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Collating candy at 3,000/min (sidebar)

How digital motion control works

The motion controlller (above, left) is actually a PC with seven dedicated plug-in cards for high-speed control
The motion controlller (above, left) is actually a PC with seven dedicated plug-in cards for high-speed control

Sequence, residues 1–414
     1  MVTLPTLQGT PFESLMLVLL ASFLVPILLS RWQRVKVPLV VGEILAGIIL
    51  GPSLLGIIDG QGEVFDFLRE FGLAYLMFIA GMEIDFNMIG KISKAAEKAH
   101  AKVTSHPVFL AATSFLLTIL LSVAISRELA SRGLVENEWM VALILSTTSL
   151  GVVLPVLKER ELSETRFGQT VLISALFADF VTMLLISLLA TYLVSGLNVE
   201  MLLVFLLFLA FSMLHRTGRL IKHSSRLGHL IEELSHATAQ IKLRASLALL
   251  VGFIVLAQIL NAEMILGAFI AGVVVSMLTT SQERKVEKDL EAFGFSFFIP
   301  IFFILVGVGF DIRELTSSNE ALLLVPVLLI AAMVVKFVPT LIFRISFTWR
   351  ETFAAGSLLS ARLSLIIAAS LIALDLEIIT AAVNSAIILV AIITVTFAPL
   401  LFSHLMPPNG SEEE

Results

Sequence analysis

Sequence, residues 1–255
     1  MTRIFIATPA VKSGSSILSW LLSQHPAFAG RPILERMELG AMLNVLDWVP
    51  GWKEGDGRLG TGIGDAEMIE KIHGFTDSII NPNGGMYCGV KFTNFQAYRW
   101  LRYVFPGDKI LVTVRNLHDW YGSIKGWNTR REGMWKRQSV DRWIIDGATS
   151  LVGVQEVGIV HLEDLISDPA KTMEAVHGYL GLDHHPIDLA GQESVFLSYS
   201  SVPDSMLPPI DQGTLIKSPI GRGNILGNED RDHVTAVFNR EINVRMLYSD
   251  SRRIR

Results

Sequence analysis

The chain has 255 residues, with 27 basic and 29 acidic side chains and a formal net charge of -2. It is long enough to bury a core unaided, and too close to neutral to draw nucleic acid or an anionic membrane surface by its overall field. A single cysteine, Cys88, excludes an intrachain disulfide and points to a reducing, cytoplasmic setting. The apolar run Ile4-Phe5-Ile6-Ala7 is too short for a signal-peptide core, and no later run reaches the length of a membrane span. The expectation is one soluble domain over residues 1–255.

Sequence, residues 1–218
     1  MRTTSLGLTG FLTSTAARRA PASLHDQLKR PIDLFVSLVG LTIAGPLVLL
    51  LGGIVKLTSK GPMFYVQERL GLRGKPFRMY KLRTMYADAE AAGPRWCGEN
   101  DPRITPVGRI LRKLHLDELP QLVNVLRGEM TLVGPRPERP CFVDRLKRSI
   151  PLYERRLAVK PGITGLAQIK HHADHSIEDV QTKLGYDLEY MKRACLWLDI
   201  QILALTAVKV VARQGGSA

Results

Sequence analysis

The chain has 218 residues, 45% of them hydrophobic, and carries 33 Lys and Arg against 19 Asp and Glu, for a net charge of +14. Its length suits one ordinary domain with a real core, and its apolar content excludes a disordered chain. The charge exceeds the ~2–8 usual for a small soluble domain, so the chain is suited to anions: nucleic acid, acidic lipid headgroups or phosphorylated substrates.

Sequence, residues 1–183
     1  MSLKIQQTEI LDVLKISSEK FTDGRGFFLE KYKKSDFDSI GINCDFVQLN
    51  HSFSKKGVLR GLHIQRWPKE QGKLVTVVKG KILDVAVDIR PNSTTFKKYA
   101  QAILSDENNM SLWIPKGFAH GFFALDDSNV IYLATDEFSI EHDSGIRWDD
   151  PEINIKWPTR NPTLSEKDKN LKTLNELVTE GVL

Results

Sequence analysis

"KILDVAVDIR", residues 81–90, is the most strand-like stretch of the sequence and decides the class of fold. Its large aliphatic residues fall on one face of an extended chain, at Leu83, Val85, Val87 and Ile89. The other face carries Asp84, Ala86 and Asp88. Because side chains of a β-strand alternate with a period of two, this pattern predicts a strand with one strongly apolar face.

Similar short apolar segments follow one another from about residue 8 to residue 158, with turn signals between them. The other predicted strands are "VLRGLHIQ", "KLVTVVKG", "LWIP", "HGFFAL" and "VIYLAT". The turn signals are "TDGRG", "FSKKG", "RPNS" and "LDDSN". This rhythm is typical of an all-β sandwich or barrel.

A motion controller is similar to a PLC in that certain inputs trigger outputs that cause a desired movement or motion on a machine. With a motion controller, the inputs are typically electronic signals or pulses generated by encoders within servo motors. (An encoder is attached to the shaft of a motor that transmits signals that represent the shaft position back to the motion controller.) Precision timing is the key reason that Goetze's moved to digital motion control. The motors that power the feeding/collating system's conveyors and collating belts, timed one against another in a delicate balance, all follow the lead of the main drive on the wrapper, thanks to an encoder placed on the shaft of that motor. Indeed, the difference between digital and analog controls is one of precision. With an analog system, a motion controller sends a low-level voltage signal to the drive. As the voltage of the signal increases or decreases, so does the speed of the motor. The drawback: The controller must rely on analog conversion circuitry in the drive--which itself must be "tuned" or adjusted by the drive manufacturer--to accurately translate the signal into the desired speed. That means, for example, that a motion controller sending a 2.873-volt signal might be translated by the drive as 198 rpm, or maybe 201 rpm, depending on how that particular drive has been adjusted. With a digital motion control system, the motion controller literally instructs the drive--via instructions, speeds and other parameters represented as a code of 1's and 0's--to spin the motor at exactly 200 rpm. Different than a PLC The difference between the Ormec motion controller and a PLC is that the motion controller is able to scan the exact position of all 12 motors every 125 microseconds. PLCs can also control motion using servo cards, which typically result in position update scan times of two milliseconds, according to Dean Mannlein, president of Automated Motion, Inc. That means the Orion motion controller is at minimum 16 times faster than a servo card in a PLC. Faster speed translates into more precise control at higher rpms. The Ormec controller achieves the speed through brute force computational power. Plugged into the controller are seven dedicated digital signal processing (DSP) cards, each using a dedicated microprocessor. Each of the seven cards controls two drives. "Based on the speeds that Goetze's required, this was the only controller that we found that could handle it," says Mannlein. Aside from precision timing, digital motion control has another important benefit over mechanical parts such as cams: It's far easier to "adjust" the motion. With a physical cam, adjusting the timing of the machine means adjusting or re-machining the cam until the desired movement is achieved. That's both time-consuming and "outrageously expensive," says Tom Hart, chief electrician at Goetze's. With servo motors, drives and a motion controller, adjustments can be made by changing the instructions the controller sends to the drive. Such changes can even be done from the operator interface screen. "If a mechanic or operator believes that the candy should arrive at a certain point a fraction of a second sooner, he or she can experiment and find out what works best without getting out the drill or a file or calling a welder," says Hart. A final benefit of this controller is the port for an optional Ethernet card that allows it to be connected to Goetze's factory network. This gives the firm's supervisory control and data acquisition system (SCADA) access to the motion controller's production data. The performance isn't without its price, Hart acknowledges. Servo motors, drives and motion controllers are more expensive than simpler analog motors and drives. Automated Motion's Mannlein says the motion controller plus its attendant add-on cards required to control the motors lists for a bit over $16ꯠ. By contrast, a high-performance PLC with an add-on servo card might cost only $5ꯠ to $10ꯠ, according to Mannlein. "You have to bite off the expense up front," Hart admits, to enjoy the benefits

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